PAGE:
Arbitration — “Manifest Disregard” Survives in Fourth Circuit

Wachovia Securities, LLC v. Brand, 2012 U.S. App. LEXIS 3047 (4th Cir. Feb. 16, 2012):

We find that the Supreme Court's more recent decision in Stolt-Nielsen sheds further light on the operation of "manifest disregard" post-Hall Street.

Footnote 7 Our sister circuits have split into three camps about the meaning of the word "exclusive" in Hall Street. The Fifth and Eleventh Circuits have read Hall Street as holding that the common law standards are no longer valid grounds for vacatur because the FAA's grounds are exclusive. Citigroup Global Mkts., Inc. v. Bacon, 562 F.3d 349, 358 (5th Cir. 2009); Frazier v. CitiFinancial Corp., 604 F.3d 1313, 1323-24 (11th Cir. 2010). Similarly, the First Circuit has noted in dicta that Hall Street held that manifest disregard was not a valid ground for vacating or modifying an arbitral award in cases brought under the FAA. Ramos-Santiago v. UPS, 524 F.3d 120, 124 n.3 (1st Cir. 2008). The Second and Ninth Circuits have held that since Hall Street, manifest disregard exists as a shorthand or judicial gloss for §§ 10(a)(3) and (4). See Stolt-Nielsen SA v. AnimalFeeds Int'l Corp., 548 F.3d 85, 93-94 (2d Cir. 2008), rev'd on other grounds by Stolt-Nielsen S. A. v. AnimalFeeds Int'l Corp., 130 S. Ct. 1758 (2010); Comedy Club, Inc. v. Improv W. Assocs., 553 F.3d 1277, 1290 (9th Cir. 2009). The Sixth Circuit, in an unpublished opinion, has read Hall Street narrowly and found that it only prohibited private parties from contracting for greater judicial review Coffee Beanery, Ltd. v. WW, L.L.C., 300 F. App'x 415, 419 (6th Cir. 2008). It reasoned that "[i]n light of the Supreme Court's hesitation to reject the "manifest disregard" doctrine in all circumstances, we believe it would be imprudent to cease employing such a universally recognized principle," then applied the manifest disregard standard. Id. at 419.

***The Supreme Court's reasoning in Stolt-Nielsen closely tracked the majority of circuits' approach to manifest disregard before Hall Street: it noted that there was law clearly on point, that the panel did not apply the applicable law, and that the panel acknowledged that it was departing from the appli-cable law. Nonetheless, the Court said,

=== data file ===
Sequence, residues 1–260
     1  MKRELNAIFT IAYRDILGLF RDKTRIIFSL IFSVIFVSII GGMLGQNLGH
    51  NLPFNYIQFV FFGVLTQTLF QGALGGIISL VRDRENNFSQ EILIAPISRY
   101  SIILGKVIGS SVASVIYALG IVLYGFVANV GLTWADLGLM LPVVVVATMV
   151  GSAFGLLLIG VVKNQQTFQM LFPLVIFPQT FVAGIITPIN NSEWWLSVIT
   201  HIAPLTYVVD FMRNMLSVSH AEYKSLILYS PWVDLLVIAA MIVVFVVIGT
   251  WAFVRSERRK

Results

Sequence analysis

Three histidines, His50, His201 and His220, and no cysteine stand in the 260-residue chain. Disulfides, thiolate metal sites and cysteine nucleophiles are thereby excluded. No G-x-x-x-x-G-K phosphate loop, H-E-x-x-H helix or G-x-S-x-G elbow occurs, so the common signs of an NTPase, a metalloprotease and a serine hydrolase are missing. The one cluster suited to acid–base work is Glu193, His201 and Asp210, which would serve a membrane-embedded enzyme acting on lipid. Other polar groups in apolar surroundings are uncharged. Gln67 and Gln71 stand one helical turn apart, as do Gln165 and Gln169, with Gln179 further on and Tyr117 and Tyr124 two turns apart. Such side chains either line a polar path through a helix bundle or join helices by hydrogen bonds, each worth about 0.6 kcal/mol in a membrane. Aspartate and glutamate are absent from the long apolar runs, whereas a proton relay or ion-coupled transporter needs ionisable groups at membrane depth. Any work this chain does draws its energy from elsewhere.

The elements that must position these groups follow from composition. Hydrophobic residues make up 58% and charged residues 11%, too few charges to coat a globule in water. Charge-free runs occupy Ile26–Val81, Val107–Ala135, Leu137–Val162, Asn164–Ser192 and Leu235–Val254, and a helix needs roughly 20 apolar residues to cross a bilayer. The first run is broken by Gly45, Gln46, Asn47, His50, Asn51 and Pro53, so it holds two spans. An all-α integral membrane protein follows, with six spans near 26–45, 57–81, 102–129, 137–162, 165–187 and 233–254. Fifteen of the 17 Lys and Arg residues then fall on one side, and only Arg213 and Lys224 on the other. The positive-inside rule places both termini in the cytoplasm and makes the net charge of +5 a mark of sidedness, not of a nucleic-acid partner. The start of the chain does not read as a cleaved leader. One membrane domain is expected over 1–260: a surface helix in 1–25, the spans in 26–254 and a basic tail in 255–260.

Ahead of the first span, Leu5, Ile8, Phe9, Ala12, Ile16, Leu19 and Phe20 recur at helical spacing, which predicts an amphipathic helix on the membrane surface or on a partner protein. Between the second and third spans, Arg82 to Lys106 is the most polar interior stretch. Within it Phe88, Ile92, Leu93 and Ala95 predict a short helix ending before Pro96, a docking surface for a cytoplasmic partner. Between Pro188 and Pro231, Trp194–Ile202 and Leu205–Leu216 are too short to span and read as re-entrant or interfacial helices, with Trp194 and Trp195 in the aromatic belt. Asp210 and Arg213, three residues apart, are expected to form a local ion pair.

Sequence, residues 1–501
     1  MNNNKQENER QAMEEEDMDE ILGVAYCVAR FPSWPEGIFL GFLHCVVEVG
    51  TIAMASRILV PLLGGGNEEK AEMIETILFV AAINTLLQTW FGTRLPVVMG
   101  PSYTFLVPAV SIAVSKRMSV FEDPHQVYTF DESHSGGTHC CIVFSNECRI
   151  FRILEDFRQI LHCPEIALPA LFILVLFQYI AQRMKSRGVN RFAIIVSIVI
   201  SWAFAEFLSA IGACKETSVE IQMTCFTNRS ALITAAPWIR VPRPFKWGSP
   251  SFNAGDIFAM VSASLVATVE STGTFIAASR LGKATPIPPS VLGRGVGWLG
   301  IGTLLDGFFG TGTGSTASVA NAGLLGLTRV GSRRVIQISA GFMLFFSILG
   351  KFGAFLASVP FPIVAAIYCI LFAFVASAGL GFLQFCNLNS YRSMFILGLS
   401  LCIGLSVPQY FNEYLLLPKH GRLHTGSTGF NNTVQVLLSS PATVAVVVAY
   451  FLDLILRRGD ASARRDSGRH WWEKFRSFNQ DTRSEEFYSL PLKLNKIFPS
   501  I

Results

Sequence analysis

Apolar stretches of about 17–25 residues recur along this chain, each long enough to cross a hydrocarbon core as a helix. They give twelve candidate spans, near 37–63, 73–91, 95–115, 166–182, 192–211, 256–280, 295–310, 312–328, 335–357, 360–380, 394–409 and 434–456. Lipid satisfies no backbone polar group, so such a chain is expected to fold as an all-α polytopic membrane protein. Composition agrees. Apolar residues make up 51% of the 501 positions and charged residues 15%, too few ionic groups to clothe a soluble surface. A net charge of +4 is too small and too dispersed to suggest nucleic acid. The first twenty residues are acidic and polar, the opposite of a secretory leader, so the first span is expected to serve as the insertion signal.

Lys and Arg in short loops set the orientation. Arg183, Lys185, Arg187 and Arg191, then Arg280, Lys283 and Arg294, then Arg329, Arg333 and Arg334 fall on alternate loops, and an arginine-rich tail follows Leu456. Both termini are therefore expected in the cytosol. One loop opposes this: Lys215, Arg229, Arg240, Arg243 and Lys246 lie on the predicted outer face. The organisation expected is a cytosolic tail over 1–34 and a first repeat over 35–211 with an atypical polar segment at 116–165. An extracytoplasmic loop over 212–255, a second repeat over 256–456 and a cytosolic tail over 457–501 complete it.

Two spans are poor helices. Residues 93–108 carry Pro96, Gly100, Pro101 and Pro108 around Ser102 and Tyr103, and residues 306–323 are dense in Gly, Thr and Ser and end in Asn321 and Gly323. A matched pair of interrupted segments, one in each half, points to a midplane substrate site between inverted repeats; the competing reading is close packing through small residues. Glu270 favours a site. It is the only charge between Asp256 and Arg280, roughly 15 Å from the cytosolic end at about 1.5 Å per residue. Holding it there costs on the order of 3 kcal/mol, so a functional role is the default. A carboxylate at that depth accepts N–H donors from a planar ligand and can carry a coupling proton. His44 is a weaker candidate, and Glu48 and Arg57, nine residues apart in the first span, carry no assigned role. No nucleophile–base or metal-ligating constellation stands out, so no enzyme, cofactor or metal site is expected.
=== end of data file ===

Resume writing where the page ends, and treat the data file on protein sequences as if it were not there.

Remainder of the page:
We do not decide whether "manifest disregard" survives our decision in Hall Street Associates, as an independent ground for review or as a judicial gloss on the enumerated grounds for vacatur set forth at 9 U.S.C. § 10. AnimalFeeds characterizes that standard as requiring a showing that the arbitrators knew of the relevant [legal] principle, appreciated that this principle controlled the outcome of the disputed issue, and nonetheless willfully flouted the governing law by refusing to apply it. Assuming, arguendo, that such a standard applies, we find it satisfied.

Id. at 1768, n.3 (citations and quotation marks omitted). We read this footnote to mean that manifest disregard continues to exist either "as an independent ground for review or as a judicial gloss on the enumerated grounds for vacatur set forth at 9 U.S.C. § 10." Therefore, we decline to adopt the position of the Fifth and Eleventh Circuits that manifest disregard no longer exists. ***

Although we find that manifest disregard continues to exist as either an independent ground for review or as a judicial gloss, we need not decide which of the two it is because Wachovia's claim fails under both.

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